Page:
I am not dying, but I am afraid. My friend is. My dearest, closest friend, who I have spent thousands of hours and exchanged millions of words with: dying, quite quickly, and there is nothing really that anyone can do. I don’t know what afterwards will be like – I can’t imagine, and I don’t want to try. But I know there will be a gap, every day, where my friend used to be, and I’m afraid because I don’t know if, or how, I will fill it.
Is this what it is like to fear death? Maybe it is, a little: this dark apprehension in the pit of your stomach, the sense that things aren’t going to be the same, that the plans and idle daydreams about the future are pointless now, because their point was a little too far away and is now beyond your reach. The not knowing. It can’t be much like this, though, because I haven’t cried, much. My friend cries a lot, and is more scared than I’ve ever seen anyone. Maybe, a little: like this, but for everything, because there is nothing in your life exempted, nothing else to turn your mind to, nothing that will go on.
I get the impression that dying is not easy. People will laugh at that – or frown, perhaps – because it is so self-evident. But it is easy to forget how everything we say and do centres on life. People ask what I am doing after graduation. I have an answer; I don’t have to bite my tongue and push back my tears because I have just been reminded of a time when I will not be there. People complain about inconveniences, irrelevancies – we mock them, say, “you’ll probably live” – and it is just idiom, dead metaphor – except for my friend, who won’t. People plan their holidays, their birthdays, their careers, their marriages – a whole world, from which you are cut off. So you are afraid.
And now we are asked: is it rational to be afraid? I do not know what this means. Just: should I fear my death? But then why rational, why pretend that reason is what’s supposed to guide us here? Maybe: would an economist, or a robot, fear death? I find myself not caring.
Here is something I learnt once. David Hume was a Scottish man who was troubled: he worried that people might be saying more than they knew. When you play billiards and hit one ball against another; when you put your hand in a flame; when you drink poison – how do you know these things will behave like they have before? And in the language of the time – how are they justified, how are they rational? Hume decided they weren’t. But it didn’t matter, he said: we learned them from habit, and would go on doing so and it didn’t much matter if they were rational or not.
That, unsurprisingly, was not a pleasing answer for most. It was so upsetting to Immanuel Kant, so the story goes, that he was moved to action, to find a solution. Through hundreds of pages of prose dense and inscrutable even by the standards of German philosophy, he tells us that it is not just that we have these beliefs, and by habit always will – in fact we need them, we could have no experience of the world without them. Perhaps there is some story about what ‘rationality’ is, according to which these core beliefs are not rational – well, then, either that story is wrong, and rationality is something else, or it is something alien to us, something we need not and cannot care about because it impugns beliefs we need not and cannot abandon.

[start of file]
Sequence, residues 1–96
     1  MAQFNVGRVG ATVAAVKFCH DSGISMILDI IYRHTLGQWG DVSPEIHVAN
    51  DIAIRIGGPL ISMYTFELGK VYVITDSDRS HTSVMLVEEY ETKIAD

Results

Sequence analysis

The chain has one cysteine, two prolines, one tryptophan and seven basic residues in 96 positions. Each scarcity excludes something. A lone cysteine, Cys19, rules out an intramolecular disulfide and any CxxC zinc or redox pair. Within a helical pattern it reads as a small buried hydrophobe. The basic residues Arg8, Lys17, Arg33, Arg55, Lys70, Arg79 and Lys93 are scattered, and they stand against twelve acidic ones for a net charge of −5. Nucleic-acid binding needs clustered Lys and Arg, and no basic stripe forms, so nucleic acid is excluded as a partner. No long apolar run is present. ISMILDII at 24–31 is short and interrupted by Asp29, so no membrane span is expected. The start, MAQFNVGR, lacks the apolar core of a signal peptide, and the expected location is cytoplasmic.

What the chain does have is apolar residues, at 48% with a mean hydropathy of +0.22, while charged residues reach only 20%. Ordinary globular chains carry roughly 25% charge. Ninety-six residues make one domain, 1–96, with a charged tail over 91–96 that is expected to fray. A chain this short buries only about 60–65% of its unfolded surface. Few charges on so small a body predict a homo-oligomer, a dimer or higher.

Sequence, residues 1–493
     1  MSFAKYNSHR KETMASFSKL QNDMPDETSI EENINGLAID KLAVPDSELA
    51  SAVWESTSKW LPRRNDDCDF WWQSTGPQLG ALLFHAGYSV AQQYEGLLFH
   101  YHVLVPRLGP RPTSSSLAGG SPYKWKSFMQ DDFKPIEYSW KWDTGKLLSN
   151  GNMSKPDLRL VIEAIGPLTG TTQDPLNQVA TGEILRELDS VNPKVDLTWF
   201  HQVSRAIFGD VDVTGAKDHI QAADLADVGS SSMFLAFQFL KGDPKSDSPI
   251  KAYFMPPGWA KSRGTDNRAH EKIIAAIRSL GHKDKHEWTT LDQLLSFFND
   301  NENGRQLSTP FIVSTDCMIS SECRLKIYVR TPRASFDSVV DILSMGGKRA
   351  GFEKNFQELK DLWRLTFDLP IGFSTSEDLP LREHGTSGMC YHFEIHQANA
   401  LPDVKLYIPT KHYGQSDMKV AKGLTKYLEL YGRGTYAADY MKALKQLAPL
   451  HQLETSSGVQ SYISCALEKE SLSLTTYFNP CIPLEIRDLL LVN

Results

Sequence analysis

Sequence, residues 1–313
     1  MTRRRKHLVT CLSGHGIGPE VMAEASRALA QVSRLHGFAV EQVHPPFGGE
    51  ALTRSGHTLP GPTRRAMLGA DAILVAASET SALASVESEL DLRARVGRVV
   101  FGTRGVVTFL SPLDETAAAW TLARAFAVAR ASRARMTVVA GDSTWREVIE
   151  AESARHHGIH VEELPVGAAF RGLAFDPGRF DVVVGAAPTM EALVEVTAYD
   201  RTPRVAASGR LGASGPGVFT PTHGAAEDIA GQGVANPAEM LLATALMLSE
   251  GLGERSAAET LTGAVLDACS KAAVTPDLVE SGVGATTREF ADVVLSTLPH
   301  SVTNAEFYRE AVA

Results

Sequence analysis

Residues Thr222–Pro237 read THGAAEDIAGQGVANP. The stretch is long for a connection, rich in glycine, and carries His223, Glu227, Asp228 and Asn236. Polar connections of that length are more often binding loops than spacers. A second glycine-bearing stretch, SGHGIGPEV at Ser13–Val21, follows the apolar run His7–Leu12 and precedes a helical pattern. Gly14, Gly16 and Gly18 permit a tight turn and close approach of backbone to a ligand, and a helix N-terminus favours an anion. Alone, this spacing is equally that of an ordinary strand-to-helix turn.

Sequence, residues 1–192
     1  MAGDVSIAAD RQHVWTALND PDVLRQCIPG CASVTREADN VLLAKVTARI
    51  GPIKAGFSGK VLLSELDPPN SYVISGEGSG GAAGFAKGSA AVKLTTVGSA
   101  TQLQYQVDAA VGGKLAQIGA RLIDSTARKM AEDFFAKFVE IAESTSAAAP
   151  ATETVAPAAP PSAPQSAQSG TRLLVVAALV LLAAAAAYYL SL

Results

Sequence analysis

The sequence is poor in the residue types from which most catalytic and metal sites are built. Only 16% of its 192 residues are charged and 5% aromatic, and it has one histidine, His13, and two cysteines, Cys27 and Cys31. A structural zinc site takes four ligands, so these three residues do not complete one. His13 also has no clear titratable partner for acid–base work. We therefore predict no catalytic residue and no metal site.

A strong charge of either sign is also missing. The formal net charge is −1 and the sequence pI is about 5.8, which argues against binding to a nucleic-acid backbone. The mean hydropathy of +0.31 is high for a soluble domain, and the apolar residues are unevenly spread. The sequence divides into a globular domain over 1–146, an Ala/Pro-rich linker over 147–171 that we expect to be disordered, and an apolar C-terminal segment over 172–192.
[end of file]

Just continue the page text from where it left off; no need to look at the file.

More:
So, is it rational to fear your own death? I want to know before I can answer: why are you asking? Why should I care? Because this is not, in my limited but terrifying experience, a domain in which your assessment of what is rational, of what you should do, plays any part. When your friend blacks out and stops breathing in front of you, your tired, sad, scared brain doesn’t have the time or the capacity to ask or remember what would be rational now. It panics: about what’s happening, about whether they are gone. And then your friend gasps back and looks at you and asks – “everything was dark… where was I?” – and you say something, and in all this there is not much thinking, not much choosing, not much space for rationality. And you are not even dying – so you offer your hand to hold, and you hug, and you to try to bury your fear because you know that theirs is worse.
The question doesn’t belong. Its air of profundity, of being something that matters, is a lie – as if it would be any help, to know that your gnawing, crippling fear wasn’t rational, or any reassurance to hear that it was. And so is the belief that there should even be an answer – as if rationality, something that people invented, and that is mostly the plaything of academics toting models, would ever have something useful or meaningful to say about the hardest, most frightening – most inevitable – part of human life. Reason doesn’t come this far. We are stuck here, out on the far edge, with fear and hope and love, and that will have to do.
Runner-up in the ISIS Short Essay Competition, Michaelmas 2014
Image by Sarah Pannell